EurasiaInternational Film Festival’s international jury, under the presidency of German director-producer Wolfgang Petersen, announced on the closing ceremony at Almaty’s Palace of the Republic in Kazakhstan at the weekend that it has decided not to award a grand prix for best film.
Instead two films – Turkish director Özcan Alper’s Future Lasts Forever (pictured) and Malgorzata Szumowska’s Elles – shared the prize for best director, while the distinction for best actress went to Anais Demoustier, one of the leads in Elles.
At the same time, Russian director Alexey Mizgerev’s Convoy received the international critics’ FIPRESCI Award as well as the prize for best actor for the Kazakh-born actor Azamat Nigmanov, who won the best actor prize at the Kinotavr ‘Open Russian Cinema’ Festival in Sochi in June.
Meanwhile, the NETPAC Jury comprising Latika Padgaonkar, Maxine Williamson and Rada Sesic presented their prize to Kazakh director Darezhan Omirbayev’s Student for “its narrative, at once both simple and complex” and the film’s “simple cinematic strength.” Omirbayev’s film premiered in Un Certain Regard in Cannes.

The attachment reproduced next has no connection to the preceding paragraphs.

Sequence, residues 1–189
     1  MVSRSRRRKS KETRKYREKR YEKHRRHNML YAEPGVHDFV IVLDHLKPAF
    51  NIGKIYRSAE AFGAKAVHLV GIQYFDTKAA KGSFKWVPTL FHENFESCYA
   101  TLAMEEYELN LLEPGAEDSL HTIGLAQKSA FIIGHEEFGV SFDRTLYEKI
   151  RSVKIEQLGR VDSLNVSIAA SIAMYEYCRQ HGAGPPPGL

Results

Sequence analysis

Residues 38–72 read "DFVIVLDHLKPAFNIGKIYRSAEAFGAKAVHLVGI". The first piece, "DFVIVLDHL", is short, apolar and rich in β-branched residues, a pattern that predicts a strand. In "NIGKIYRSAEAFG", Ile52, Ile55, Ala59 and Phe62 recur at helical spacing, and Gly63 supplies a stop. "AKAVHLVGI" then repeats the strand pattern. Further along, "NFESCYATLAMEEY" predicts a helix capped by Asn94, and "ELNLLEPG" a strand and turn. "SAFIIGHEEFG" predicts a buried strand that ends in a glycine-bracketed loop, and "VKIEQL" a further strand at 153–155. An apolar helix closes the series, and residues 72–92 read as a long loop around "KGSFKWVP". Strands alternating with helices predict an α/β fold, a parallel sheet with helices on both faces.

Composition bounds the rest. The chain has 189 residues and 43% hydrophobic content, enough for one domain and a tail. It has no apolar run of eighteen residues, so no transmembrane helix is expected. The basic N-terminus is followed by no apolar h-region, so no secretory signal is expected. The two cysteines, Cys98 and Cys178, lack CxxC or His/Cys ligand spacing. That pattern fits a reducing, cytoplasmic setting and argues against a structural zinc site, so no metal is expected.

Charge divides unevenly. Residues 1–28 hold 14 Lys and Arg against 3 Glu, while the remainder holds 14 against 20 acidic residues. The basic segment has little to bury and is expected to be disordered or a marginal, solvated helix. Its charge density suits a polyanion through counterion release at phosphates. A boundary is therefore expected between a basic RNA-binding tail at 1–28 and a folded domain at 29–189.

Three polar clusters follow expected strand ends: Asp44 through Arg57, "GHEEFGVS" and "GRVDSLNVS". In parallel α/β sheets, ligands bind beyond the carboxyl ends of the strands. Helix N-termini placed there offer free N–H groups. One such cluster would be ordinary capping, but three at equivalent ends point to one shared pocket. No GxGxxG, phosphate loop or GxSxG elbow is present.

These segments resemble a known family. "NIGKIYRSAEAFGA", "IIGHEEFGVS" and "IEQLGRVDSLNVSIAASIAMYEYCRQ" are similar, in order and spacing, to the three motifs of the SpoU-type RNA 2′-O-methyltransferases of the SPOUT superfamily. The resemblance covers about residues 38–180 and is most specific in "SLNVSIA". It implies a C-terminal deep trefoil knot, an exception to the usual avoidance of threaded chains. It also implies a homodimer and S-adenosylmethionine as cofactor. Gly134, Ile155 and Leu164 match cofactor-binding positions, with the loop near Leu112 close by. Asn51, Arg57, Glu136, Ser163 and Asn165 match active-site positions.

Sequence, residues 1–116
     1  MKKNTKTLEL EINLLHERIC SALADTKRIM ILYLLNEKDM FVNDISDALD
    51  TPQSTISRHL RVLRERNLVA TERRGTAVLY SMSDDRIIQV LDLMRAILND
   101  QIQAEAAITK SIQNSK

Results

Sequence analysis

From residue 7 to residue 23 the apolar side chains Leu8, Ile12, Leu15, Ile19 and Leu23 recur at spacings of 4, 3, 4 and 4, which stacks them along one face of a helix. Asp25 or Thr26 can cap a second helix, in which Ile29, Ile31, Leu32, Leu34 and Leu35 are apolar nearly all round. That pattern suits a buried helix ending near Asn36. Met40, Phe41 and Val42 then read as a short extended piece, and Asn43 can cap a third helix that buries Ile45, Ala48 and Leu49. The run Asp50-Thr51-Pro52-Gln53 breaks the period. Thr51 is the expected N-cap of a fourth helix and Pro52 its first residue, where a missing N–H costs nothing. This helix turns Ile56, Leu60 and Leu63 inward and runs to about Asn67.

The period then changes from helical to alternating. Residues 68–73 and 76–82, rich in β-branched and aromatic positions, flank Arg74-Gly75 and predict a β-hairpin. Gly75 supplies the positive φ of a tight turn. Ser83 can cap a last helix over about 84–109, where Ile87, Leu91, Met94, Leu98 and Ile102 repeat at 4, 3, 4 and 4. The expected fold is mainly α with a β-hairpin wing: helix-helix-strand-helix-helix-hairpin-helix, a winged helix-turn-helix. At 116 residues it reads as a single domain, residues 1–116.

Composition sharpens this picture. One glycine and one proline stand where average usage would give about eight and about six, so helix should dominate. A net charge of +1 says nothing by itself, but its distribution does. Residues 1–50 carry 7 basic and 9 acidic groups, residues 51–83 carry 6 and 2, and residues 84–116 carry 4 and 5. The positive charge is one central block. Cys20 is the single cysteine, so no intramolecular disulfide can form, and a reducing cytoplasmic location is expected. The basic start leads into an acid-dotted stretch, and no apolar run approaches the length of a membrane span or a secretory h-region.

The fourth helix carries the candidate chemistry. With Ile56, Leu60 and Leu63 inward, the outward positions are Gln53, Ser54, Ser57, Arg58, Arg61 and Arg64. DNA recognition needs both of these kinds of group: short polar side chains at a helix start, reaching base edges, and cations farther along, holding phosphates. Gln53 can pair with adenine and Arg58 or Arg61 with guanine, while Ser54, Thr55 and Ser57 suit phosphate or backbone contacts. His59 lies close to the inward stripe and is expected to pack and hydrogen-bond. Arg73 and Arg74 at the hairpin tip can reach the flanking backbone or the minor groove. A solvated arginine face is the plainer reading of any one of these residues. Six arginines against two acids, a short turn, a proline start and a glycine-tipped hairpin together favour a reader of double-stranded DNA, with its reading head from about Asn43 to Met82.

The festival direction, though, had been forced to make a change to the international competition line-up when the Russian distributor Russian Reporter was unable to deliver a print of Thomas Vinterberg’s The Hunt in the appropriate form, leading to the jury having to decide its winners from only 12 titles instead of the original 13.
The awards ceremony was then followed by a further screening of the Kazakh Oscar entry Myn Bala with English subtitles.
Eurasia’s eighth edition also featured a business dimension targeted at the local film industry with masterclasses held by LA-based entertainment and media lawyer Ortwin Freyermuth and Film Finances freelance consultant Pierre Spengler as well as Golden Globe president Aida Takla O’Reilly and film critic Nelly Holmes.
Speaking exclusively to Screen in Almaty last week, Freyermuth explained that the Kazakh government was actively exploring ways of attracting foreign productions to shoot in Kazakhstan and therefore seeking expert opinions on the best way to proceed.
“I could imagine for Kazakstan that a tailored mixed structure between, say, Germany’s model of the DFFF incentive scheme and involving private investors’ money would be an interesting possibility,” Freyermuth said.
“I believe the country’s particular attraction [for film production] lies in its many natural landscapes and this should be combined with a location benefit and private investment,” he said. “Location benefits have become more and more important for film financing.”
“Moreover, they will have to be able to show that a film industry is here with a certain level of professionalism. In my opinion, the Kazakhfilm Studios are already proof of this because there is an active and lively sector receiving substantial support from the government.”